The U.S. Environmental Protection Agency (EPA) announced last month that it has awarded $187.3 million to more than 180 California for drinking water and wastewater infrastructure improvements throughout the state. These federal funds are to be supplemented with state funding sources to provide low-interest loans for wastewater and drinking water infrastructure projects. As money is repaid to the revolving loan fund, the state is able to fund new infrastructure projects.
“These funds will be used for 183 local projects that will boost the economy while improving water systems,” said EPA Pacific Southwest Regional Administrator Mike Stoker. “(The) EPA is committed to investing in local infrastructure that will benefit the communities we serve.”
The recently awarded $187.3 million EPA funds will be jointly shared by the state’s Drinking Water State Revolving Fund (SRF) and California’s Clean Water programs. The EPA has awarded more than $5 billion to California’s Clean Water and Drinking Water SRF programs since their inception in 1988 and 1996, respectively. These funds support the state’s efforts to address an estimated $70.5 billion of water infrastructure needs.
“As we deal with an unprecedented demand for clean drinking water, the two State Revolving Fund programs will play a significant role in the State Water Board’s commitment to protect public health and water quality,” said California State Water Resources Control Board Division of Financial Assistance Deputy Director Leslie Laudon.
“The funds will address a variety of crucial needs, from upgrading and consolidating small, struggling water systems to recycling wastewater, recharging groundwater and replenishing drinking water supplies. Simply put, these funds help make California water safer, more accessible and sustainable as the state faces a variety of daunting challenges in the years ahead.”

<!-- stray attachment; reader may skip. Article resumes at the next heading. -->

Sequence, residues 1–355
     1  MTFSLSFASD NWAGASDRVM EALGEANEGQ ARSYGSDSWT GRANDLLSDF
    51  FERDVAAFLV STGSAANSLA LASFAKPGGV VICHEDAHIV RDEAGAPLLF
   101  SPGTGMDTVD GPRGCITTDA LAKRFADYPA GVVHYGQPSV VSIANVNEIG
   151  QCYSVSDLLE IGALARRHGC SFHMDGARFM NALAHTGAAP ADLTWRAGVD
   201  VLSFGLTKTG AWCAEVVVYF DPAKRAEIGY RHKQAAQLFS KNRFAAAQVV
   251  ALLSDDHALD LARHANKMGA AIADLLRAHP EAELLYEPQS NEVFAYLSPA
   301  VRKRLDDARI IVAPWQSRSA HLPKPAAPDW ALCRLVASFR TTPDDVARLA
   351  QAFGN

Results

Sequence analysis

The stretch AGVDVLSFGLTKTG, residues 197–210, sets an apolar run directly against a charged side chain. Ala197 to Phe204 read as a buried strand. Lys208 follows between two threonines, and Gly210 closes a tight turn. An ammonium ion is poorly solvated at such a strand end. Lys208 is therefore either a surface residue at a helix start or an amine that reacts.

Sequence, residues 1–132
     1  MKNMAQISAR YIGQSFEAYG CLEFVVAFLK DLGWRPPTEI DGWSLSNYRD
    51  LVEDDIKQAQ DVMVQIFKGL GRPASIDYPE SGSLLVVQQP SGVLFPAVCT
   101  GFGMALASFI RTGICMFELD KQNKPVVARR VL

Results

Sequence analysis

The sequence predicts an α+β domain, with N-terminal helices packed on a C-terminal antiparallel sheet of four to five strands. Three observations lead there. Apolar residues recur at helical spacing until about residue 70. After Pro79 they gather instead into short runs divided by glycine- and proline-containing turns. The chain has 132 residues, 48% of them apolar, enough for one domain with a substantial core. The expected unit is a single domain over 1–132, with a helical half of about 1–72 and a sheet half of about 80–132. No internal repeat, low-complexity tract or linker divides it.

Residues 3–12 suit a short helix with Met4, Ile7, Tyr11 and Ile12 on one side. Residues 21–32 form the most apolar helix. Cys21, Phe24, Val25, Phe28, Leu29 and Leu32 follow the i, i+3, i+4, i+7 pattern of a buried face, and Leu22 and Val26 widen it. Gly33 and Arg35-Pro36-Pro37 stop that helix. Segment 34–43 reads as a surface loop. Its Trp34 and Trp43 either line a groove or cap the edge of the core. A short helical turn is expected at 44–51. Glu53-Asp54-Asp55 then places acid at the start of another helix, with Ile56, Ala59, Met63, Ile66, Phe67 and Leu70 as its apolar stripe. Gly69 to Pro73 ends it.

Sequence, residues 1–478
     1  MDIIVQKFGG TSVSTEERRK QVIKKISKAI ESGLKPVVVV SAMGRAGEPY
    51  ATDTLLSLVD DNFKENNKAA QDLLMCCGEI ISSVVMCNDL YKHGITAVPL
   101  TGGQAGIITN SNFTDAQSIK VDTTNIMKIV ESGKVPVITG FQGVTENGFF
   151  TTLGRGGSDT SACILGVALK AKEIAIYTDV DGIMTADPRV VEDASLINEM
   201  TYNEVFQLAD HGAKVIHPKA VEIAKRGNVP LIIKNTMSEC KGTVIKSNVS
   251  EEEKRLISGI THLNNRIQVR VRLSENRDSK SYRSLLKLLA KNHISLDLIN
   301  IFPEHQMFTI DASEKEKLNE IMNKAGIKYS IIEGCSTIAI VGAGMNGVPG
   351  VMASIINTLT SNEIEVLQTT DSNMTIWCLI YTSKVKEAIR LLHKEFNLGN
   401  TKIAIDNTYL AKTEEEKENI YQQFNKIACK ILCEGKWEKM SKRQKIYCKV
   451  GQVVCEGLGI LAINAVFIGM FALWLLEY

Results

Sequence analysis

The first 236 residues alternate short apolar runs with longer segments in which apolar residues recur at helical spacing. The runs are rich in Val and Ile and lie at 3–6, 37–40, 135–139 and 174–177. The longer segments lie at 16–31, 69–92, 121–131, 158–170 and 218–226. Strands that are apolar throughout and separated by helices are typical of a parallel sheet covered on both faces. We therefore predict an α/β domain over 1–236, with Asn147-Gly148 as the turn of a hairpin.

Of the EPA’s recent award to California, the state’s Drinking Water SRF will receive more than $72.5 million for drinking water infrastructure improvements to public water systems. These include:
- The Indio Water Authority will consolidate two small local water systems serving disadvantaged communities into the Indio Water Authority to provide a reliable supply of water that meets drinking water standards.
- The South Tahoe Public Utilities District will install approximately 6,200 linear feet of new waterline and replace approximately 6,200 linear feet of waterline. The program will also include installation of fire hydrants, pressure regulating valves, air release valves, water services, meters, valve clusters, and paving, to provide reliable service to its customers.
More than $114.7 million of the EPA allocation will be used by California’s Clean Water SRF for a variety of water infrastructure improvement projects including:
- The East Valley Water District (based in Highland) and the San Bernardino Valley Municipal Water District will construct the Sterling Natural Resource Center from the ground up. The treatment plant will use the most advanced technology—a membrane bioreactor– to produce tertiary treated, recycled wastewater that meets all applicable requirements to recharge the Bunker Hill Groundwater Basin thereby ensuring local supplies of drinking water for the community.
- The City Of El Centro will upgrade its wastewater treatment plant’s high-speed aeration blowers. The aeration blowers are an integral part of the treatment process and updating them to efficient blowers will reduce the plant’s energy use by 34 percent annually and create significant savings.